Contending Narratives on “Comfort Women” in South Korea and Japan
Hassel Kim ('17), Lampert Summer Fellow 2016, Sponsor: David Robinson

This research explores contending narratives on the ‘comfort women’ issue in South Korea and Japan. Applying Soh’s categorization of narratives according to the level of nationalism and feminism voices found in narratives, this research explores not only why divergent views among the two national governments, non-governmental organizations, scholars, and public views on the ‘comfort women’ issue emerged but also how they relate to each other. This research also looks at how different narratives are regenerated and communicated through museums, memorial sites, history textbooks, and the Internet and how they affect public perception of the ‘comfort women’ issue. In sum, this research interprets complicated debates surrounding the ‘comfort women’ issue in South Korea and Japan since its introduction to the public in the 1990s, with a particular focus on the ‘Comfort Women’ Agreement signed by the two governments on December 28th, 2015.
Multicultural Education for Ethnic Minorities in Vietnam: A Case Study in Hoa Binh for the Muong, Thai and H’Mong Ethnic Groups
Anh (Julie) Nguyen ('17), Lamper Summer Fellow 2016, Sponsor: John Palmer

As a multiethnic country, Vietnam has always tried to maintain a national unity while promoting equal rights and opportunities for all ethnic groups. However, it is undeniable that the socioeconomic status and power of the Kinh, the ethnic majority, is prevalent in society while other ethnic minorities are still facing many pressing issues regarding economic development and cultural preservation and are lagging behind in various aspects including education. Therefore, this research seeks to rovide more insights into the education of ethnic minority by utilizing the theoretical framework of multiculturalism and interviewing teachers who work closely with ethnic minority students. This research was conducted in Hoa Binh province where the ethnic minorities account for the majority of the population and interviews were carried out at two different secondary schools, a mainstream school and a boarding school. There is a deficit paradigm present in both schools, though in the mainstream school, the paradigm focuses on financial and geographical obstacles while in the boarding school, it shifts to psychological differences between ethnic minorities and the Kinh. Another common pattern emerges in both school regarding teachers’ perceptions of ethnic relations, that is, whether or not discrimination exists is influenced by the ethnic composition. And finally, most of the multicultural activities center on learning about cultural practices and customs, but not deep understanding of the power dynamics among ethnic groups.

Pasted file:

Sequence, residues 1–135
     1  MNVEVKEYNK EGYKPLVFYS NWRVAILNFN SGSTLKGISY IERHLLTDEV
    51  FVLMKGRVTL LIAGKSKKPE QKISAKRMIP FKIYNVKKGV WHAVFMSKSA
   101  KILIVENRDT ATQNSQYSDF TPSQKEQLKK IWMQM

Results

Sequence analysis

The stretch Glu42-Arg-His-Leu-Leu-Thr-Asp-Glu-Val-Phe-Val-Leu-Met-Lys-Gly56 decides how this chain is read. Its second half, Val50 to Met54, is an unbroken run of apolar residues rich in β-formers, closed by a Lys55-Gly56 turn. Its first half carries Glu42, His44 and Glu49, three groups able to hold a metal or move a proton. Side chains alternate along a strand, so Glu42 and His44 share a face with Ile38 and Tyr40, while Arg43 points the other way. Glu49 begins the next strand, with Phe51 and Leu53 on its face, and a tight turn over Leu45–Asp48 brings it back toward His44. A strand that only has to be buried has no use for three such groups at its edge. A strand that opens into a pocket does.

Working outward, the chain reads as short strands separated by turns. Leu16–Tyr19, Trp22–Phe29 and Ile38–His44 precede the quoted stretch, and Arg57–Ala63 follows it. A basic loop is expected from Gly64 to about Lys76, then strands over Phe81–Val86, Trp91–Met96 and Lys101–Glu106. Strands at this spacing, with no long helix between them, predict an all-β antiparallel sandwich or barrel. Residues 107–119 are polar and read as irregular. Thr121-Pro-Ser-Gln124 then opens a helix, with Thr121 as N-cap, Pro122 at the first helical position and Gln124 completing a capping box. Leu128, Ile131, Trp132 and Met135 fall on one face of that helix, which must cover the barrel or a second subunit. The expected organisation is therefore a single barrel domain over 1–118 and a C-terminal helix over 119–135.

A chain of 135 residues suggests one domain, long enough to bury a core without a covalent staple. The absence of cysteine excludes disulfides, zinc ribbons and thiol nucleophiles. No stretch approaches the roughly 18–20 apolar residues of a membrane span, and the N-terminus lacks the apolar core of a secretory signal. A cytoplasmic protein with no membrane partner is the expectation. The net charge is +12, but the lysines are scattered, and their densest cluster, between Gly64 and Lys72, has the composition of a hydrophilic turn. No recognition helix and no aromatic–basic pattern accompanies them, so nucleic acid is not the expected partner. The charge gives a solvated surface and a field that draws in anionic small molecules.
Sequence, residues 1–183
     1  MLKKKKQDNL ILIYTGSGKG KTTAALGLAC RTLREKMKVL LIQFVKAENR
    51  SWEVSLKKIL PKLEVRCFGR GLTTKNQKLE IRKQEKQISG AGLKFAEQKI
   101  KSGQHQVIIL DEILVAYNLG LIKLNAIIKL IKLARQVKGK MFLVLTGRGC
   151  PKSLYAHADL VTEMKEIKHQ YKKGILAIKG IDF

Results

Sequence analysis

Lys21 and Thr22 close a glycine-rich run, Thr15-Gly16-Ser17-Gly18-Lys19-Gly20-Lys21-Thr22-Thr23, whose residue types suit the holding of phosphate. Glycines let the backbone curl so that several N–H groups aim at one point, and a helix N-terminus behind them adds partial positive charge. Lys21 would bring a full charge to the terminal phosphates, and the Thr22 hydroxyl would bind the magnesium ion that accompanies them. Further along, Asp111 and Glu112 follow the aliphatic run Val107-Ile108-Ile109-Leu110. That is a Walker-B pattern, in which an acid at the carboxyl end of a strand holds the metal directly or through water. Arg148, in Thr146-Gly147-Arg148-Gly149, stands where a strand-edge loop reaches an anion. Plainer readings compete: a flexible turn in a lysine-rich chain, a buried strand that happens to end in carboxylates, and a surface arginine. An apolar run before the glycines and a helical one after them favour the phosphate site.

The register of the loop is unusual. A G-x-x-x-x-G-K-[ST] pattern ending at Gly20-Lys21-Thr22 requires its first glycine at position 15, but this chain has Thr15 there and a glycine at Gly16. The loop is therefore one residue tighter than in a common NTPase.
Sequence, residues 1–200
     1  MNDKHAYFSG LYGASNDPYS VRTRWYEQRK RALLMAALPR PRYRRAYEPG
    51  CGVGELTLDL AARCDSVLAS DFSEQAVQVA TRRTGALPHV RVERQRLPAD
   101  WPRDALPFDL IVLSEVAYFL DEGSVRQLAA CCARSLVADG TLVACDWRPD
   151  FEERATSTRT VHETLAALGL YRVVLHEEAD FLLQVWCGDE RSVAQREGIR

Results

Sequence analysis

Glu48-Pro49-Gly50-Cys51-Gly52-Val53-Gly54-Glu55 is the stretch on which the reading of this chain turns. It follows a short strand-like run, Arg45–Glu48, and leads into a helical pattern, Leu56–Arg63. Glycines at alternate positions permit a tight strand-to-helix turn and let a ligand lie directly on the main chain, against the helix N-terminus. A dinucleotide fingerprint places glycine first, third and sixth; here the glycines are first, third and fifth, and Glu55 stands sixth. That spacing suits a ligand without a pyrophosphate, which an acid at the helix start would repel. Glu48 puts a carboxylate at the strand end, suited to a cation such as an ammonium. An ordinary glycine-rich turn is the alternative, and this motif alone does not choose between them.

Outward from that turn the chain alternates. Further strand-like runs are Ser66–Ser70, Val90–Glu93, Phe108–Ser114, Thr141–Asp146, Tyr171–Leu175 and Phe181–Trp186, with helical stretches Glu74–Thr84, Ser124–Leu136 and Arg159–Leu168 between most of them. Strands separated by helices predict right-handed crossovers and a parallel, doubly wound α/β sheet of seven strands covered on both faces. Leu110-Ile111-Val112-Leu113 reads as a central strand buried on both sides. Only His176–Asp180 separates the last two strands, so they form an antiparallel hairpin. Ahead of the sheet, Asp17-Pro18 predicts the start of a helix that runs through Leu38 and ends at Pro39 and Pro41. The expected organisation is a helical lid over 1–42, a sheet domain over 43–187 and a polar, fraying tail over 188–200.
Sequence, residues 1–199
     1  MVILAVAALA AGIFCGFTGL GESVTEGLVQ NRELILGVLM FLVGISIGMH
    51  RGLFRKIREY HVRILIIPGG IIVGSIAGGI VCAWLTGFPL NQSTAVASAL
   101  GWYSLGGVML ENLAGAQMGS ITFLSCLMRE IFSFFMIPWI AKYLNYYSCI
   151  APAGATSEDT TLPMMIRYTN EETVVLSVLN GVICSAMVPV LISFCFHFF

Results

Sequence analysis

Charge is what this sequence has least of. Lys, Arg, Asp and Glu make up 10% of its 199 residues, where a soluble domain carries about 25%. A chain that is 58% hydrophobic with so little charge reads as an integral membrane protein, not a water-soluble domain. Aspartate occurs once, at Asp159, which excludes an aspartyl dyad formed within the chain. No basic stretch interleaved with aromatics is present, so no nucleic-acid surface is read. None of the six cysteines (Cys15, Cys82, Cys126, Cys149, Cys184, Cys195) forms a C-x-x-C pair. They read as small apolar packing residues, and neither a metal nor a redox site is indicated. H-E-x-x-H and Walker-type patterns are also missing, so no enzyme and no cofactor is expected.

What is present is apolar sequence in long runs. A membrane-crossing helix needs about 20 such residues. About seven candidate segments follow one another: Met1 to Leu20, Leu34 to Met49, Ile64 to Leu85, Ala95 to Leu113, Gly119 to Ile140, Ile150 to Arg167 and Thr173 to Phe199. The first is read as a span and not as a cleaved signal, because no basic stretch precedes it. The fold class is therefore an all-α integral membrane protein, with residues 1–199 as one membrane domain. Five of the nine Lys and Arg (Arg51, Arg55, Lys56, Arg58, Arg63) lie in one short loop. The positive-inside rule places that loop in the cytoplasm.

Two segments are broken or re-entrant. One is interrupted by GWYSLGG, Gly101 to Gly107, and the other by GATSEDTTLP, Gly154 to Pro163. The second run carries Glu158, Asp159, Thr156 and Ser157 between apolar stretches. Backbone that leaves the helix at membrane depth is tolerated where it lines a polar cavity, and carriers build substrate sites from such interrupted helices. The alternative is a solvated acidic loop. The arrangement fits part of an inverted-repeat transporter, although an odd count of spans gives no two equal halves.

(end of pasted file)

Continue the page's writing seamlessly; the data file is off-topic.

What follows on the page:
‘Make in India’ and its Economic Impact on the Indian Handloom Sector
Shambhavi Sawhney ('17), Lampert Summer Fellow 2016, Sponsor: Jyoti Khanna

The Indian handloom industry is one of the oldest industries in the country, with its roots from ancient India. Handloom weaving is one of the largest rural activities, second only to agriculture, and provides employment to 43 lakh (4.3 million) workers. It contributes almost 15% to total cloth production in the country. 95% of handlooms in the global market have been produced in India. While the handloom industry is based largely in a domestic set up, it is dispersed, spread across a large number of villages and towns within the country. The five year plans of the Indian government have treated the handlooms sector as rural enterprise and have not offered any direct solutions for the rival of the handlooms. Instead policies like the New Textile Policy of 1985 led to the growth of powerlooms and had a de-skilling effect on the weavers. Apart from this the
handloom sector faces many other challenges like the lack of market demand for their products and a large number of government interventions which have oversimplified the diversity of this sector and have made the weavers dependent, killing any potential entrepreneurial spirit. The Make in India initiative can be a potential uplifter of this sector by creating more, indiscriminate opportunities in the economy. Spillover effects from supporting activities of the government, namely ‘Skill India’, ‘Digital India’ and the ‘Brand India’ are already showing positive results which could prove to be beneficial for the economy. This paper aims to understand the Make in India initiative with respect to the handloom sector sin India and how it might play a positive role in uplifting this sector.